BAHAMAS LIGHTHOUSE PRESERVATION SOCIETY
The debate about the seemingly unstoppable spread of the invasive lionfish species is well known. There are some who argue strongly that lionfish have their uses, and not merely as a food source. To see ongoing lionfish research by the organisation REEF click HERE To supplement the static projection graphic for lionfish spread (below), here is an active graphic that vividly shows how the species (love them or hate them) has expanded exponentially in numbers and range over a very short period
PROPOSED MARINE PROTECTED AREAS FOR ABACO
LOBSTERS – WE GOTTEM! OVERFISH THEM – WE AIN’T!
BAHAMAS LIGHTHOUSE PRESERVATION SOCIETY
Read the Society’s 4-page January 2013 Newsletter HERE BLPS NEWSLETTER JAN 2013
The Society was founded in 1995, and it has already achieved much to preserve and protect the lighthouses of the Bahamas. Of particular interest to Abaconians will be the news about the Hope Town lighthouse, and about the work done at Hole-in-the-Wall. If you’d like to support this hard-working not-for-profit organisation and help to preserve a part of Abaco’s maritime history, the email address is email@example.com
A new environmental organisation has been announced: to find out more CLICK===>>> BPFA
This map has been posted by the SCSCB, with the very interesting and definitely worrying text “The map shows projected impacts of a 2 meter sea level rise in the Caribbean. The orange is the impact of 2 meters, while the yellow is the 25 meter line. The last time the ice caps melted the sea rose between 18 and 25 meters. The most conservative estimates indicate a 1-meter rise by the end of the century (concurrent with a 2 degree C rise in temperature). From the position of planning, I am curious about the estimates being used by Caribbean resource managers in their long-range planning. For example, what percentage of Caribbean seabirds nest below 2 meters…”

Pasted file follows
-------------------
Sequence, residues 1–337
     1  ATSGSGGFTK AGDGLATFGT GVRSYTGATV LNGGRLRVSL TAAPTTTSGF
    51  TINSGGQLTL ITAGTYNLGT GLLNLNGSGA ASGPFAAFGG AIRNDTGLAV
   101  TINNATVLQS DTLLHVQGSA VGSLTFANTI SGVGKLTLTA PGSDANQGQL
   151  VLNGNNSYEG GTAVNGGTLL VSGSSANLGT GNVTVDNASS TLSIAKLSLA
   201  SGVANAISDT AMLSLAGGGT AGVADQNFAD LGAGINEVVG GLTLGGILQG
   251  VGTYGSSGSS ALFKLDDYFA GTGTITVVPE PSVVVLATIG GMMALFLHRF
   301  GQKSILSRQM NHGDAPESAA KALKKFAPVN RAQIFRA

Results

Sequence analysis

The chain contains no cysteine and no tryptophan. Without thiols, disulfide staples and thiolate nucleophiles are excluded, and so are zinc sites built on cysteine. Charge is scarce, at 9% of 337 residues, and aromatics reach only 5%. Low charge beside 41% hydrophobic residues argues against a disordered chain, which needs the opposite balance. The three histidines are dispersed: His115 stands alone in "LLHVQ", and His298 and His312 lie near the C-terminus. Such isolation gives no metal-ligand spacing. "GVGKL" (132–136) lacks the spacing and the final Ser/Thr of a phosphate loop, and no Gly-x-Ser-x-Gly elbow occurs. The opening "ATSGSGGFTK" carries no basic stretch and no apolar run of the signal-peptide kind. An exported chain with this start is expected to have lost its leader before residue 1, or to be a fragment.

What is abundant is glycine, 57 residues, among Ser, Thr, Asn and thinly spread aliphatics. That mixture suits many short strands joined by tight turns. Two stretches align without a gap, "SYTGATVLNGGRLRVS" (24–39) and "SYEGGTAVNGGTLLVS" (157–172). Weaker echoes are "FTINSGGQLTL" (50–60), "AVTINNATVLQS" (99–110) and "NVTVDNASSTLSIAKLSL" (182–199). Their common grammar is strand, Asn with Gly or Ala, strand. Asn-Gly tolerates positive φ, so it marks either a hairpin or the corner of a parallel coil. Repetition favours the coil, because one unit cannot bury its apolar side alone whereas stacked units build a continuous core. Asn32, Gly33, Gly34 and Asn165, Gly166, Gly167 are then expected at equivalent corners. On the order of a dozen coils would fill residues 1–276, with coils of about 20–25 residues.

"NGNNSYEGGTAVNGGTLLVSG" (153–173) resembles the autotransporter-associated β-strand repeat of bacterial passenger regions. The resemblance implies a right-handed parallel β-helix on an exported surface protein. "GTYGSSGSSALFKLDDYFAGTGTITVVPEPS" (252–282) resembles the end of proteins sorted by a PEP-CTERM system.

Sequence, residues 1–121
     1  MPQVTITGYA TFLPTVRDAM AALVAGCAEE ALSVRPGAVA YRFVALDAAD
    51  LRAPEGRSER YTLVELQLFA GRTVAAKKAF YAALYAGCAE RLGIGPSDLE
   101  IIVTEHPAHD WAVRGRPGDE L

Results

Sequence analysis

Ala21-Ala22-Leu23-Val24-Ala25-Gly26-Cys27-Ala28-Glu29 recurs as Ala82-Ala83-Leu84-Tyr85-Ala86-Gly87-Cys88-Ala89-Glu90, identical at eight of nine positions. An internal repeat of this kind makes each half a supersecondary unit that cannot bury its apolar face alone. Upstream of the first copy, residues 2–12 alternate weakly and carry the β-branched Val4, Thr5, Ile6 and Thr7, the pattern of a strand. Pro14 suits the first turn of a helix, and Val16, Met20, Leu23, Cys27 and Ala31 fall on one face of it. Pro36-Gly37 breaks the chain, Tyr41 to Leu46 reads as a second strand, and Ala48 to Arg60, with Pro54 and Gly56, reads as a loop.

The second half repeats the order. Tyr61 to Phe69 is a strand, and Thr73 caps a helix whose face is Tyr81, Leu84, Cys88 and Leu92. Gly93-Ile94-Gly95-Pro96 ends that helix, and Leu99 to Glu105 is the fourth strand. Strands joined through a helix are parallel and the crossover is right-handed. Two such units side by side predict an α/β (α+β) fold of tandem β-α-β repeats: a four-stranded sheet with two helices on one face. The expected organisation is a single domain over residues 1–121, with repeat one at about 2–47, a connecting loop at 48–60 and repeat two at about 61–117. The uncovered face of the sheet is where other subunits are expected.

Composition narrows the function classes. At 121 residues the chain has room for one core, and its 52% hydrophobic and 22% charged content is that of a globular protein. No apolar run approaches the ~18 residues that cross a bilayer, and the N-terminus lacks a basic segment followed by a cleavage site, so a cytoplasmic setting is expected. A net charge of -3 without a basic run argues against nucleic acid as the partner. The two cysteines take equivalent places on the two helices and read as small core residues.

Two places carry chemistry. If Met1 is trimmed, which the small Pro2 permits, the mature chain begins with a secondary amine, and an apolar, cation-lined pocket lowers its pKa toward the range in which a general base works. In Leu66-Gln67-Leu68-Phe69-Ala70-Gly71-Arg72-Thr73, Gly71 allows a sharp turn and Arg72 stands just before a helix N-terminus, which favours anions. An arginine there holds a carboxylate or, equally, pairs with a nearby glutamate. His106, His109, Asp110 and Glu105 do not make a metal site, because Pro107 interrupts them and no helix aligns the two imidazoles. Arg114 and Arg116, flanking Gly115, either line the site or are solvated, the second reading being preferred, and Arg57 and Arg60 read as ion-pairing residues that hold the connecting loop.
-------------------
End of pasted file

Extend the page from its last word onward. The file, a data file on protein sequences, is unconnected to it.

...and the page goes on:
Click on the title above to see the BNT’s proposal for this major conservation proposal for the east Abaco creeks. It’s in .pdf form and you can (probably) copy / save it if you wish. The map below shows the 3 areas concerned. You can check out more details – and photos – on Facebook at EACNP
A VISUAL TO PONDER FROM ‘SCIENCE IS AWESOME’
CONSERVATION ON ABACO AND IN THE BAHAMAS
This new page (June 2012) is intended to showcase the achievements of the various organisations and individuals involved with the protection and conservation of the fragile ecology and wildlife in a small and rapidly developing area. A number of posts and articles from other pages will gradually migrate to this page.
I have posted on Facebook a statement by the new Environment Minister which praises the environmental work carried out in the Bahamas and pledges Government support MINISTER’S STATEMENT Let’s hope it’s forthcoming…
The supply of conchs is not infinite. Overfish them, take them before maturity or pollute their habitat and this valuable marine resource depletes – and conchs, as with so many marine species, will become threatened. Fortunately there is a Bahamas-wide conservation organisation with a website packed with interest.
COMMUNITY CONCH is “a nonprofit organization that aims to protect queen conchs in the Bahamas, a species of mollusk threatened by aggressive over-fishing. We promote sustainable harvest of queen conch through research, education and community-based conservation”
“Helping to sustain a way of life in the Bahamas”
Much of the research has been carried out in Berry Is, Andros and Exuma Cays. However the team has recently been based at Sandy point, Abaco CLICK===>>> ABACO EXPEDITION